Bolivian student creates 3D printer that uses PET bottles to operate

Laura Alba reports for Pagina Siete. Photos by: Freddy Barragan:


Student creates 3D printer that uses PET bottles to operate

The construction of the device lasted a year, and the cost of the printer is between Bs400 and Bs500 [around $71]. Within UMSA, there is talk to provide support to find market for the machine.

Screen Shot 2014-12-05 at 9.58.33 AM“The printer is a prototype. It has no commercial purposes.” It’s the first mentioned at point blank Paulo Loma, who will graduate in electrical engineering, created this particular artifact.

This is the first 3D printer created at the Universidad Mayor de San Andrés (UMSA). But what makes this device different from those available in the market is that it is made from “reused” material.

A printer of this nature is capable of printing various objects such as houses, cars and even food before being printed, they are designed on a computer.

Today you can buy via internet and a person with the necessary knowledge can assemble it. However, in the case of Paul, he did not gain anything by that route, but created a separate unit from parts “you can find -mentions- at hardware stores or electronic stores.”

Screen Shot 2014-12-05 at 9.58.15 AMThis printer is assembled with parts Paulo found at the July 16 fair in El Alto, “in the sector which sells electronic scrap”.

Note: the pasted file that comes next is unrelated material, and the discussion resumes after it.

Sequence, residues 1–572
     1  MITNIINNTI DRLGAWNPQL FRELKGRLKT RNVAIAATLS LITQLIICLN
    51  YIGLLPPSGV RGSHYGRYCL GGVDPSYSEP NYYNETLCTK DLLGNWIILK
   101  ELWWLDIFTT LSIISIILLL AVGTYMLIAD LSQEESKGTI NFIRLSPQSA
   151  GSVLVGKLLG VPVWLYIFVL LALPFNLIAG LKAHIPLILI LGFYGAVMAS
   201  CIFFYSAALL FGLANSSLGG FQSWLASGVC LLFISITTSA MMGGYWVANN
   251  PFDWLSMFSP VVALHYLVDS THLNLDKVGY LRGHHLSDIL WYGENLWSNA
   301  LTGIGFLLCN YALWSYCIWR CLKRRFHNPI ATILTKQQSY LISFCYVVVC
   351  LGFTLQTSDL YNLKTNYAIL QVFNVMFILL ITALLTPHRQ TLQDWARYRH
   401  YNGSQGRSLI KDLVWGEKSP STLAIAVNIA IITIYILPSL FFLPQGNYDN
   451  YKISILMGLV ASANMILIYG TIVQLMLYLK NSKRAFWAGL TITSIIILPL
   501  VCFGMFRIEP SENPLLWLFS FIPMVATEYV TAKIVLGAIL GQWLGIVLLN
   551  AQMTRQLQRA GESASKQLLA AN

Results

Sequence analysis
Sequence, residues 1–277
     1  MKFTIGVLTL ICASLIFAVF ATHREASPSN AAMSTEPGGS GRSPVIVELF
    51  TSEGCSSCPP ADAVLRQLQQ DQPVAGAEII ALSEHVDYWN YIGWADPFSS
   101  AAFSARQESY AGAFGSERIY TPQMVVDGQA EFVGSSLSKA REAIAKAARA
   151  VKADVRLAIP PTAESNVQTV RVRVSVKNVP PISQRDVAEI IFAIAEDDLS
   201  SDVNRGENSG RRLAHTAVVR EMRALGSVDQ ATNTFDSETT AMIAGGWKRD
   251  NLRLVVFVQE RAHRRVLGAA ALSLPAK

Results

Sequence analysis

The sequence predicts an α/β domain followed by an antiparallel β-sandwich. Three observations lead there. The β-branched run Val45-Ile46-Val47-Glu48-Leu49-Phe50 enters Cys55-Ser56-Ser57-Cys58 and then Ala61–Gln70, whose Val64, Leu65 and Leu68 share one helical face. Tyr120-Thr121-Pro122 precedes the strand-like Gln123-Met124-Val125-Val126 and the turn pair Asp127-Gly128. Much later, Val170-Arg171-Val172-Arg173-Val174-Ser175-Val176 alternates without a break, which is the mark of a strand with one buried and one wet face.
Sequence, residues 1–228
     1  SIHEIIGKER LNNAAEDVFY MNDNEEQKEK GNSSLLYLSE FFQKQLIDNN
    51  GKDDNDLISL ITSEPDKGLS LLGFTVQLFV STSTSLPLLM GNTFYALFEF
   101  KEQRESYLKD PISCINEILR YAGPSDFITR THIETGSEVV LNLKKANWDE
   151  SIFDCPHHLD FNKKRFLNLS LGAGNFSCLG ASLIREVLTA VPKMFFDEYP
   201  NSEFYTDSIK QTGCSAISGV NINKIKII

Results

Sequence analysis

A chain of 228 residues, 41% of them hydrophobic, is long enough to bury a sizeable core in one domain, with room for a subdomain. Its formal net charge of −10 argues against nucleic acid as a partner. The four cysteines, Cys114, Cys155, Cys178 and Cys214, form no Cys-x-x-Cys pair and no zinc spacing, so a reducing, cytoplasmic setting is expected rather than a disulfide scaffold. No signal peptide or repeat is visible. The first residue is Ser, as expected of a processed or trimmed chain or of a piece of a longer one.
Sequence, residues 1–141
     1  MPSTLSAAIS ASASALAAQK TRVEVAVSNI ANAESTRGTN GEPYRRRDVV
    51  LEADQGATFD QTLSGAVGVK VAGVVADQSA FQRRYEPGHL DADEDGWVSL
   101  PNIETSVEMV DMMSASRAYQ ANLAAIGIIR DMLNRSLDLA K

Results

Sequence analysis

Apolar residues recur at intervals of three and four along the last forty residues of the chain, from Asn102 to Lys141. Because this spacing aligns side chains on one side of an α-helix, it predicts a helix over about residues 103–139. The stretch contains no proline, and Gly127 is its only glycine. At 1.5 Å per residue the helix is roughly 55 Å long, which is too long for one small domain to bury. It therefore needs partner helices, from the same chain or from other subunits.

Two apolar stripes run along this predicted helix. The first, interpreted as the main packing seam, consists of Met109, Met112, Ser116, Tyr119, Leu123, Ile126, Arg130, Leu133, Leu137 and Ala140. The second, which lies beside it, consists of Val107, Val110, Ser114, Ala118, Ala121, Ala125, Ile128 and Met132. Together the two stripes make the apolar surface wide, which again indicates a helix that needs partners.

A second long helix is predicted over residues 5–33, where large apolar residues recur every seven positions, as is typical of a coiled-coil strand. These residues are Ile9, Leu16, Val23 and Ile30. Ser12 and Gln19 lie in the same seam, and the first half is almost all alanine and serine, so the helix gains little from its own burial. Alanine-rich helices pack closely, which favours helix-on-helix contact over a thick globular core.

With these components, the engineer started his project, which will serve him to graduate.

The initiative began, Loma recalls, with the design of the printer, not only the physical but also operational. “The design of the physical part is made with the Sketchup program and the electronic part with the Proteus program,” he said, before stating that he continued after the acquisition of materials.

Essential for this printer are the programs required to start working: they are at least five. Of these, Loma created two, the “GUI” which serves to communicate, operate and control the device, and the operating program of the machine, which allows “manual control” from the computer to which it is connected.

Screen Shot 2014-12-05 at 9.57.54 AMThe technique for printing is the same used by other 3D printers, which is called “shaping fused deposition.” “The material generally used by 3D printers is plastic PLA (thermoplastic which is obtained from corn starch or cassava) and ABS (impact resistant plastic), sold by kilo, rolls, but depend exclusively on imports” explains Paulo.

This student found an “alternative and basic” solution for the printing material, you can get anywhere: PET bottles. This is because the material which is often used in commercial printers, has to be imported from other countries.

Initially Paulo said, thought of using whole pieces of plastic, but then designing the extruder -which is part of the rising molten material for impression- used strips of PET bottles.

The extruder is fed manually, and melts the plastic and then gives the form to the designed piece that is sent from the computer. To make the extruder and heating the plastic, Paulo used a shower’s resistor. “As a prototype, it has several limitations, but that does not mean it can be improved” says Paulo, who acknowledges that the impression, for now, is poor. However, he says, that it has “precision”, it prints just like a “commercial 3D printer” as the test prints have the same dimensions as the virtual designs.

This young engineer student has many projects, one of which is to improve the prototype and make it a recycling micro-plant and why not, to do more ambitious projects such as a printer to print objects “big as houses”.

This is positive thinking and making it happen also! So, I welcome him to The Hall of Bolivian Fame!

Published by Bolivian Thoughts

Senior managerial experience on sustainable development projects.

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